11.30pm. Time to meet the fandom menace. The crowd waiting for the first midnight show at the Fox cinema near UCLA are adamant of one thing: the people waiting at Mann's are only there because they want to get on TV. "They're not there for the movie, they're there 'cause they like standing in line," I am told. The sidestreet has the atmosphere of carnival or end-of-term - seats are liberated from late-night diners and knots of three to six people playing five-card stud or Star Wars Monopoly. Tales of 12-hour waits are common. At the head of the line is Spencer Clark from filmbuzz.com, who has waiting an aggregate of 500 hours in order to give his place to the winner of a competition on his website. When he stood aside, other fans offered him their spare tickets in solidarity. Almost everybody here is white.

Only three fans have come in costume. Special-effects workers Steve Munson and Greg Feiler have come, respectively, as Menace's crimson-faced Vader substitute Darth Maul and its senior Jedi, Qui-Gon Jinn. Their pal is Obi-Wan Kenobi but they've lost him in the crowd, so they entertain the queue with lightsabre battles.

Surely they represent the saddest tendency of all Star Wars fans, the Trekkies and Rocky Horror crew for whom the film is only an excuse to dress up?

"No, man," says Munson, "I only put this outfit together when I realised I had a black bathrobe. And we're in the business, so it's OK. Anyway, we're hardcore. Star Wars is where our lives began." He brandishes his double-bladed lightsabre as people close in for snaps. Darth Maul is a hit with the fans before they have even seen the movie.

A straw poll reveals that most people in the queue have already spent between $40 and $200 on Phantom Menace merchandise, that promotional contests to win a car are "not very Jedi" and that the best film was The Empire Strikes Back. Which Star Wars character would the fans most like to have sex with? For the men, the clear winner is Princess Leia in the brass bikini she wore when she was Jabba's slave. Among the women, there is surprise support for Chewbacca ("I like hairy men") and precious little for Ewan McGregor. But then the guide-rope lifts and the queue starts to move and the excitement suddenly surges like a great disturbance in the Force. There is a light in everyone's eyes that says it doesn't really matter to them what the movie's going to be like.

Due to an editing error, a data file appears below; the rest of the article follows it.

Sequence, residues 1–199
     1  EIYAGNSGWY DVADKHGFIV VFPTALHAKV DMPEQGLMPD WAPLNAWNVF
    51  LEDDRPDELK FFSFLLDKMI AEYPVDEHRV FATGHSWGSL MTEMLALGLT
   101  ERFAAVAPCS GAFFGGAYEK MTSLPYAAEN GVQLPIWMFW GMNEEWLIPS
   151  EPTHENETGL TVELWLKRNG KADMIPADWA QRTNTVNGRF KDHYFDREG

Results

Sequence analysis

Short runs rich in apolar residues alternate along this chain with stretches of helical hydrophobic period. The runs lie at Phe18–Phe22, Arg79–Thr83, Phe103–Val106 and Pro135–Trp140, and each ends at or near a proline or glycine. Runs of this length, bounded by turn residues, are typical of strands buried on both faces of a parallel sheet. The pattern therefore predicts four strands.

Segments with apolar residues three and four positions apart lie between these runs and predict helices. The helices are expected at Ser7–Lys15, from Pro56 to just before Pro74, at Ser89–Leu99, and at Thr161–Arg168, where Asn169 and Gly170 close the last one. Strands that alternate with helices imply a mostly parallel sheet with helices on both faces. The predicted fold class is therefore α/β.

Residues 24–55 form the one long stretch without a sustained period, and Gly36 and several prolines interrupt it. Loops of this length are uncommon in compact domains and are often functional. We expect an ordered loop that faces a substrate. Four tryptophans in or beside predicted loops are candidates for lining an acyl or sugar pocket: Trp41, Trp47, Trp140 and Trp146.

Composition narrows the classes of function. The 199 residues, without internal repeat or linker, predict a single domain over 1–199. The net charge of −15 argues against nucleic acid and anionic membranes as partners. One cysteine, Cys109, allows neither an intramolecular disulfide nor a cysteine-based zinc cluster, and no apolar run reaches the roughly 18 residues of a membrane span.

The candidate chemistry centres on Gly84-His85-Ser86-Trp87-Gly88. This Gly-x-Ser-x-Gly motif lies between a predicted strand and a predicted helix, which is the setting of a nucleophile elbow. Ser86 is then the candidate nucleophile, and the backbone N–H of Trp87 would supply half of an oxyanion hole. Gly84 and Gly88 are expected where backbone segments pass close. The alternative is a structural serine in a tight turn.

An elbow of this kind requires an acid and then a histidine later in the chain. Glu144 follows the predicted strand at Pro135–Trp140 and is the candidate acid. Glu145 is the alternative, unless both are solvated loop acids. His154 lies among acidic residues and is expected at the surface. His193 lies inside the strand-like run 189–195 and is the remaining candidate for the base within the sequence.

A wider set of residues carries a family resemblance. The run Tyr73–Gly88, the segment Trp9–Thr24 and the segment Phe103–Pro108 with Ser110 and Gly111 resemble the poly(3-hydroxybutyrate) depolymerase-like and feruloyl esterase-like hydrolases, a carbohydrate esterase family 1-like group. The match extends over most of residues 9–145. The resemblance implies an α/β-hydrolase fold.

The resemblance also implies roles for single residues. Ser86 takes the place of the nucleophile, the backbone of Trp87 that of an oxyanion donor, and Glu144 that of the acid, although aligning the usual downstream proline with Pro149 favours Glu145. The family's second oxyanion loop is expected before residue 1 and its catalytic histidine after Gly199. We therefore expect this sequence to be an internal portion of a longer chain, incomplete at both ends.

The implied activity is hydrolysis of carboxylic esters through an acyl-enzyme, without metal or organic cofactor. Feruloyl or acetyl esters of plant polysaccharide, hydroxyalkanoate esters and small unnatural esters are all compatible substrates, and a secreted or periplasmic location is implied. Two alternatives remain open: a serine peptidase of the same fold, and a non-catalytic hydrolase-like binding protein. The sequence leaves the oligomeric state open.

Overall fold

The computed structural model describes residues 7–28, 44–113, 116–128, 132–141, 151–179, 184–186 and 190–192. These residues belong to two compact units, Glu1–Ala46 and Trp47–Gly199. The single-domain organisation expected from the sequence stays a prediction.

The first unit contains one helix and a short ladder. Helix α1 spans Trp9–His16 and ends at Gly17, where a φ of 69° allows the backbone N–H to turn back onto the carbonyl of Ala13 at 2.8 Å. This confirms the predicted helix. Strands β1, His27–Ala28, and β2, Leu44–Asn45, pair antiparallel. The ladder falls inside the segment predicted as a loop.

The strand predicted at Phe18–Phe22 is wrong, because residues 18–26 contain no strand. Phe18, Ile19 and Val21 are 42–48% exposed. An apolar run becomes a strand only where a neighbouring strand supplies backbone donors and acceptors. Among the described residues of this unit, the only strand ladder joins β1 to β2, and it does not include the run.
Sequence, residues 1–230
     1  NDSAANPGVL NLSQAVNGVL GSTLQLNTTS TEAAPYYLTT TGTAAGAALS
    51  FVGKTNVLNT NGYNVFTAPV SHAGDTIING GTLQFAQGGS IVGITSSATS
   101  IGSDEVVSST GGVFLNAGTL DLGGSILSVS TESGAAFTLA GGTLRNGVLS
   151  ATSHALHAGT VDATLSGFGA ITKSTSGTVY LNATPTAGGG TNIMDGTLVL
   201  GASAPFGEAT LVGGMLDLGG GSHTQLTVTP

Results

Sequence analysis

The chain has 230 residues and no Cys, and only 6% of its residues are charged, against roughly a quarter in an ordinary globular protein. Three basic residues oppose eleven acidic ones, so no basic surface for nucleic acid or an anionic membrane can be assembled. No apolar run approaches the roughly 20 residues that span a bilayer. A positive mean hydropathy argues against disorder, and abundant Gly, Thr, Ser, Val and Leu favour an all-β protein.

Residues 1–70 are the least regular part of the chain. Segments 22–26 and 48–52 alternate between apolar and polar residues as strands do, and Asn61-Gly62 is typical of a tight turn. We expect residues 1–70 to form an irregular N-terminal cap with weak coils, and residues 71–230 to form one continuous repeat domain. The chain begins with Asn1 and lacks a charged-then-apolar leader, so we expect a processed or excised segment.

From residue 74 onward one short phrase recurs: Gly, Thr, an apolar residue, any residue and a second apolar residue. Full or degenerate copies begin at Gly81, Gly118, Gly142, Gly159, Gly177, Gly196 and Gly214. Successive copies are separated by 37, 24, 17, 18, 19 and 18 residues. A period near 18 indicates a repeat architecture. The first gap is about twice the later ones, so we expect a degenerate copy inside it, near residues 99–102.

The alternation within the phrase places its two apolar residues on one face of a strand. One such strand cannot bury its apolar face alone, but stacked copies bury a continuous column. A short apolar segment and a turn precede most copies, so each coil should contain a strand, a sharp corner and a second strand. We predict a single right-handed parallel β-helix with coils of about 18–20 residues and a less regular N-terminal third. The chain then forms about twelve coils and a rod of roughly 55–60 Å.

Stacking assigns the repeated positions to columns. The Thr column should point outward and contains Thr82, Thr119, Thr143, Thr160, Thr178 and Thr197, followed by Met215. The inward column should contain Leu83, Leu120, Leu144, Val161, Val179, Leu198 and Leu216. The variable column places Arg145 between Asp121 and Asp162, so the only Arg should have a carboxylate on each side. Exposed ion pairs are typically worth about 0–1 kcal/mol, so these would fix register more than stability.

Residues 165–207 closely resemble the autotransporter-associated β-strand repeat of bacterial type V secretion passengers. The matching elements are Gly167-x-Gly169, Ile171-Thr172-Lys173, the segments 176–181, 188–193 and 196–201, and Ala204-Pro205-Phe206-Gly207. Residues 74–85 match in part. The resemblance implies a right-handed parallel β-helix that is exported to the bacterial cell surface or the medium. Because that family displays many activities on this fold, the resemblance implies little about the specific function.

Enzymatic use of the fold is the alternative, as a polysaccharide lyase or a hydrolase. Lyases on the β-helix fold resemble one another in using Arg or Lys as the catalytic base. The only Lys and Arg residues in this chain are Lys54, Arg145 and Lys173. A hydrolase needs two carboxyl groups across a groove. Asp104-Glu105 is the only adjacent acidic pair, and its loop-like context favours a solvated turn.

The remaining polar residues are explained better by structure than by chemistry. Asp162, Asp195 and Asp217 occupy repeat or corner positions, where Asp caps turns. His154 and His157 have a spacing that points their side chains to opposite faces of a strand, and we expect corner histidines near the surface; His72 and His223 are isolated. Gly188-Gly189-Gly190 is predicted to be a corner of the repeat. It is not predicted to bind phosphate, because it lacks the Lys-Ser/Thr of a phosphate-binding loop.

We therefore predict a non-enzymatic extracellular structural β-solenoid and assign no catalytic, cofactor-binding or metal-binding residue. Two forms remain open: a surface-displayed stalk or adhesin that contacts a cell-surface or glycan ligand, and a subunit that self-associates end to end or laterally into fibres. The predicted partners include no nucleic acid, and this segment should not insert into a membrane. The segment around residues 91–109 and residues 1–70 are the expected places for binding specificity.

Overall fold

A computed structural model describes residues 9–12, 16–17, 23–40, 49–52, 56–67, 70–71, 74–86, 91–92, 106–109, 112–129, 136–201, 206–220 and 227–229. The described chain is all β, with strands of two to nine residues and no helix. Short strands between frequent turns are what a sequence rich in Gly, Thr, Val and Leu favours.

As he stands up on aching legs, a student called Ed tells me that Star Wars is nothing complicated. It simply fills the myth-shaped hole in America. "Everything else here is artificial," he says. "So we had to make up our own legends too, about right and wrong and the things you go through in life. It really annoys me when I hear that Star Wars is some cynical, ironic Generation-X thing. It isn't. Generation X is the people born between 1961 and 1972. Star Wars isn't theirs, it's ours. We're Generation X-Wing"